April 3, 2013 by KWills
Characters are essential to any story. They give your readers a way into your world. And they are very hard to get right.
Beware letting things “just come”. A character arriving in a flash of inspiration is fantastic, but that is not an excuse to skimp on the character development. Characters are people, and people are complicated.
I have tried a few different methods of character building, from the super-detailed to freewriting character scenes to see what happens. I found the interview style questions too specific, and freewriting really isn’t my strong suit, so I have come up with my own character sheets. Instead of asking questions, I have given myself a series of prompts for an essay on each character. The “present” is always the beginning of the story, unless otherwise stated.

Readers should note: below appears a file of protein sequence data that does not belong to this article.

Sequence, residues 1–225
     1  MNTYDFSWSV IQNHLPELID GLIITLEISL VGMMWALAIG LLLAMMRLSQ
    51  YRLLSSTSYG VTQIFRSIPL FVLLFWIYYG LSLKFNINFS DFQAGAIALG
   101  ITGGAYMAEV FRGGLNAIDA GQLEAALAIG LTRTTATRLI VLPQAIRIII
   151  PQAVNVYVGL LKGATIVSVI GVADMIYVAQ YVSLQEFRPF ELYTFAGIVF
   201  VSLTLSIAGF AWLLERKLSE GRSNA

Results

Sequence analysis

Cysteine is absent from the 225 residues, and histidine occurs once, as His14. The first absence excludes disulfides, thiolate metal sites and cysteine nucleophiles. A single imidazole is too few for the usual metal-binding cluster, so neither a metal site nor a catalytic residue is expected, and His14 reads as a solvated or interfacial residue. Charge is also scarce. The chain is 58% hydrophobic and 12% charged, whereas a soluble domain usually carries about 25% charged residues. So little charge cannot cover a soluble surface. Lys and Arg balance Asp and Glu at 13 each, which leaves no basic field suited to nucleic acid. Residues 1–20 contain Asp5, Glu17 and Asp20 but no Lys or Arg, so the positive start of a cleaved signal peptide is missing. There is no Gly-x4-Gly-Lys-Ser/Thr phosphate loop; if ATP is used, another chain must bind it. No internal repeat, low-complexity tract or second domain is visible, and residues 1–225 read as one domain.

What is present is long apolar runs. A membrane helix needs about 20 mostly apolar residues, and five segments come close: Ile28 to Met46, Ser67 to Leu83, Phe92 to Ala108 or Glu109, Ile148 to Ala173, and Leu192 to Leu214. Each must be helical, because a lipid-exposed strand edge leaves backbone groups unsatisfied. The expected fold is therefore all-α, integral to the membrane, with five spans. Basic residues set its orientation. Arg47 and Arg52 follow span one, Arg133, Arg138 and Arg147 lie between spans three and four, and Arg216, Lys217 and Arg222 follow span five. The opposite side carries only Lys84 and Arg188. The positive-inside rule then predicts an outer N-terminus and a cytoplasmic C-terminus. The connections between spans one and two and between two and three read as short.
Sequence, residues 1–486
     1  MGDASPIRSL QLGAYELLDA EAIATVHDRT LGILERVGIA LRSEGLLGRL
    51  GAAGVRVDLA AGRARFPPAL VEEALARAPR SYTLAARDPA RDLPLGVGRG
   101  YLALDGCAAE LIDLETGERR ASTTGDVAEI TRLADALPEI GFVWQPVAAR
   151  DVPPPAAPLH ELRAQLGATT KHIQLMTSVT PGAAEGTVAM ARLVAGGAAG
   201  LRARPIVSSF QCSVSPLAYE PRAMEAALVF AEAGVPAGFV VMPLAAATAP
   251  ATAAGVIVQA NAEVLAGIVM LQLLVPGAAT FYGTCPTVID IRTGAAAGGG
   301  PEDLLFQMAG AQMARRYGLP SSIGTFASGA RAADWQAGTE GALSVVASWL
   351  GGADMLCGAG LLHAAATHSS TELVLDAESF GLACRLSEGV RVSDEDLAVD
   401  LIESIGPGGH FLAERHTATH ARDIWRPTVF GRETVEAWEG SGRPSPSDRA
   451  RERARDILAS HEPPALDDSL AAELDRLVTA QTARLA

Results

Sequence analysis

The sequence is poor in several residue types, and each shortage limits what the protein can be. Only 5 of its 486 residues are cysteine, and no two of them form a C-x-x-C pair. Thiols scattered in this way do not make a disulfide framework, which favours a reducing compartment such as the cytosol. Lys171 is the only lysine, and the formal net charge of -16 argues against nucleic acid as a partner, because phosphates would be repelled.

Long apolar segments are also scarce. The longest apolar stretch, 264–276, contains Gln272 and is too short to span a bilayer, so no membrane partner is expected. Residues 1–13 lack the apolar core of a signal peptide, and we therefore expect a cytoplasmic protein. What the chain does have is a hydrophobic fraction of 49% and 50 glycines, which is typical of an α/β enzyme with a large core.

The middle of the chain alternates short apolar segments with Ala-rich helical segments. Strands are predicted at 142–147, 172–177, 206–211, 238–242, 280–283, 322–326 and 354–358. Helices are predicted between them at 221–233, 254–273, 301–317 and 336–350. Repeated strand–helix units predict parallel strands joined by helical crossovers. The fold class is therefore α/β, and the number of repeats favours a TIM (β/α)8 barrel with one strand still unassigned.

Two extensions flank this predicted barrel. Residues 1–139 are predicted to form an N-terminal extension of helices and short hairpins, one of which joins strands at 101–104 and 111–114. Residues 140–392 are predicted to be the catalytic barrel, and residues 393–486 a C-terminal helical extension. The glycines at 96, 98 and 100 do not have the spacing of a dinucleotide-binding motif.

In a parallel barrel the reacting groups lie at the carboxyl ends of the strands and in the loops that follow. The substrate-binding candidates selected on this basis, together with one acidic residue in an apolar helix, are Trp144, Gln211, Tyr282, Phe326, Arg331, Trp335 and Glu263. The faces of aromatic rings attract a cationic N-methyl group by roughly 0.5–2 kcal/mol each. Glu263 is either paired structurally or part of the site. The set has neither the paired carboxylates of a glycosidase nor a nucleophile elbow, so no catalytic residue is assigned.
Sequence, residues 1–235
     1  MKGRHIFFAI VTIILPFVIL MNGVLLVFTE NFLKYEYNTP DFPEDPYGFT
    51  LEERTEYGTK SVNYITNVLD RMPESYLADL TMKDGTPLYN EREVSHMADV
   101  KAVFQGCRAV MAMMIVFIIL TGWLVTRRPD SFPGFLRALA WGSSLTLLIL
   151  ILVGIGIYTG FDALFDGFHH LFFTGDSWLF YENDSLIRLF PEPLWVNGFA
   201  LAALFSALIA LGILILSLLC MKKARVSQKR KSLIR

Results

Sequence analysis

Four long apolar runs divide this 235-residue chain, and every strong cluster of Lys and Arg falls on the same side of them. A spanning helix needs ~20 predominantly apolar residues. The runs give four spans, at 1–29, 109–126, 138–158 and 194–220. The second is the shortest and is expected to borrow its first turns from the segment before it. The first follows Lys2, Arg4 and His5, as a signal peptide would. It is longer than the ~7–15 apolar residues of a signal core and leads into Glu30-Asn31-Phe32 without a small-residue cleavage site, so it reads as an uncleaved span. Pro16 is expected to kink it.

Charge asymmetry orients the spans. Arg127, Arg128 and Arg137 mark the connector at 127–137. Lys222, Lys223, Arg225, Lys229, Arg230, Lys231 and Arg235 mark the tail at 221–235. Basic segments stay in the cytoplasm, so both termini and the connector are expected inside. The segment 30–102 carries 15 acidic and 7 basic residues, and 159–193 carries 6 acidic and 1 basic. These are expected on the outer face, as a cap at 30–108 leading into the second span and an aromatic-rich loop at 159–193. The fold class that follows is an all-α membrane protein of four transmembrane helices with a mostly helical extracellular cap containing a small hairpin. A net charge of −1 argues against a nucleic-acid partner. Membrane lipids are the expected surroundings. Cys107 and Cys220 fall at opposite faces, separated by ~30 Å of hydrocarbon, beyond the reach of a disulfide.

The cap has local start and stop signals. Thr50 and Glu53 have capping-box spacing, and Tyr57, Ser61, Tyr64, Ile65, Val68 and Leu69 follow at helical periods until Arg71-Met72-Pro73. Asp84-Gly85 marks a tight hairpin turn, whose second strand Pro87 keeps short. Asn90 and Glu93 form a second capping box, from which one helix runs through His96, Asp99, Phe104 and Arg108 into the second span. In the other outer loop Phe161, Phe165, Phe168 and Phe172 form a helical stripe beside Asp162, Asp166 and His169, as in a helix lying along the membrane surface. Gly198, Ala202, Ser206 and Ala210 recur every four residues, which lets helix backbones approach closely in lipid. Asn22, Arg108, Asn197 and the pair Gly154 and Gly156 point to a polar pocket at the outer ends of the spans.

- General: Name, age, nicknames, species (where appropriate), nationality/culture (ditto).
- Physical: Appearance, including any physical mannerisms (distinctive walk, plays with hair when nervous, etc.)
- Where the hat hangs: Home, past and present. Neighbourhood and wider community/area. Include all relevant info.
- Work & education: Where, when and with whom.
- Relationships: Friends, family, lovers, colleagues, enemies, acquaintances – everyone. A brief rundown of who’s who in this character’s life.
- Beliefs & attitudes: Not just religious beliefs, but all the things that the character believes which affect the way he views the world.
- Personality: Either an official “type”, or a broad statement about chief characteristics.
- Likes & dislikes: Be as detailed or as vague and the character requires. Note any particularly strong feelings, one way or the other.
- Other: Anything else.
- Meta: Story-role, character development arc, goals, conflicts, resolution, etc.
This method works for me, because I tend to develop my stories plot-first. I know that some writers take the character-first route, and this list is probably insufficient for them. Are you a writer? How do you get to know your characters?